On Nov. 1, 1952—63 years ago this week—the U.S. detonated the first hydrogen bomb, resulting in the first successful full-scale thermonuclear weapon explosion.
Operation Ivy was conducted on the Eniwetok Atoll in the Marshall Islands. It involved two test bombs, one (“Mike”) a fusion device and the other a “stockpile” fission device. An experimental hydrogen bomb weighing an immense 82 tons, Mike was not a deliverable weapon—but it was noteworthy as the first nuclear bomb to get a significant portion of its explosive energy from fusion, or the joining of atoms, instead of only from fission, the splitting of atoms. In order to work, it relied on a fission explosion that would trigger fusion in liquid deuterium, a heavy hydrogen isotope.
At 7:15 a.m. local time on Elugelab Island, Mike was detonated from a control ship 30 m. away. The detonation resulted in a massive explosion, equivalent to 10.4 Megatons of TNT. As a military report on the history of Operation Ivy noted, “The Shot, as witnessed aboard the various vessels at sea, is not easily described. Accompanied by a brilliant light, the heat wave was felt immediately at distances of thirty to thirty-five miles. The tremendous fireball, appearing on the horizon like the sun when half-risen, quickly expanded after a momentary hover time.”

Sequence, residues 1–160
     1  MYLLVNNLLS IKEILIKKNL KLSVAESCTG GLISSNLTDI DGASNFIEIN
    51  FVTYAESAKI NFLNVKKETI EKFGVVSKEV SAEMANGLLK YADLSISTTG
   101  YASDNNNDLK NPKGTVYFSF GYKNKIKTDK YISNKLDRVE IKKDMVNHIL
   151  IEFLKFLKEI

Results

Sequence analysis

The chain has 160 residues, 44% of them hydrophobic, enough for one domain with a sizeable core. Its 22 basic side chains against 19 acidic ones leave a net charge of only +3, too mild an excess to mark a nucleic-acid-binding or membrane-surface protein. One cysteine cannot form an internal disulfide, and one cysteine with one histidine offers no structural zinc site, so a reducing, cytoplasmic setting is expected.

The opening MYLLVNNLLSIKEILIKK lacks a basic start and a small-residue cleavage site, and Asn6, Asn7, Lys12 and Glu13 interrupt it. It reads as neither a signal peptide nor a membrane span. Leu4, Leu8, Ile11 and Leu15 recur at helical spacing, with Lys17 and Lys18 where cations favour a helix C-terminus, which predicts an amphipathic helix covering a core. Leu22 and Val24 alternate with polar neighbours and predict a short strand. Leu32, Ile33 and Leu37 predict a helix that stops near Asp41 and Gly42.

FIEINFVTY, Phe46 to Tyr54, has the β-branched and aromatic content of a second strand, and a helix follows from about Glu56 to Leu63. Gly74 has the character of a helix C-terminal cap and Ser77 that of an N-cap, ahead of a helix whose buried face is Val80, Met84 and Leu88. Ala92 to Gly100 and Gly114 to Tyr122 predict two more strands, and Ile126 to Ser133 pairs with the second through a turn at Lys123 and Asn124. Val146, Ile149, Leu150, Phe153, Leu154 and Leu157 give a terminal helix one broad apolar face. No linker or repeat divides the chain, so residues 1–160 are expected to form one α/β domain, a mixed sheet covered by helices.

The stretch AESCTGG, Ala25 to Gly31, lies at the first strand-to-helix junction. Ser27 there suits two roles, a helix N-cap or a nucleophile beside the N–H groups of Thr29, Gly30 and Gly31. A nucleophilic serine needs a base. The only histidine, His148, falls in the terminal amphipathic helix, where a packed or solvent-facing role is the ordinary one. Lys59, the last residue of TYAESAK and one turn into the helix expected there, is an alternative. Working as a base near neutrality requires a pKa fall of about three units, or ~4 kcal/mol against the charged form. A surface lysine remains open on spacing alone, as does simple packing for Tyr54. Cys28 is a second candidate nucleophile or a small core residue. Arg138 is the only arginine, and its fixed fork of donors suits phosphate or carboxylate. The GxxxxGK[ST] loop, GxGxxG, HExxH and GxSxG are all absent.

In a cover story after the test was confirmed to the public, TIME described its effects: “the force and horror of atomic weapons had entered a new dimension…the first full-dress H-blast (Operation Ivy) had turned the mid-Pacific sandspit named Elugelab into a submarine crater.”
The fireball reached about 3.25 m. in diameter. Elugelab, the island on which Mike’s detonation took place, was indeed vaporized, leaving a crater 6,300 ft. in diameter and 160 ft. deep. The mushroom cloud was 100 m. wide at its greatest extent. A sailor who witnessed the blast, however, didn’t think that “mushroom” was the foodstuff most applicable: “The cloud itself was kind of rough,” a sailor wrote, “yet it looked smooth — something like a cauliflower.”
At that point in 1952 it was the largest nuclear explosion ever. Today it still ranks fourth largest among all U.S. nuclear tests.
News of the test leaked immediately, but went unconfirmed. A TIME reporter called the Atomic Energy Commission and a LIFE reporter called the Department of Defense, both requesting confirmation of an H-bomb less than three hours after the test—both reporters gave the correct time of detonation, which was highly secret information—but nonetheless news of Ivy Mike was not publicly acknowledged until April 1, 1954, when a 28-minute television film was released to the public.
Read more about Operation Ivy Mike, here in the TIME Vault: The Road Beyond Elugelab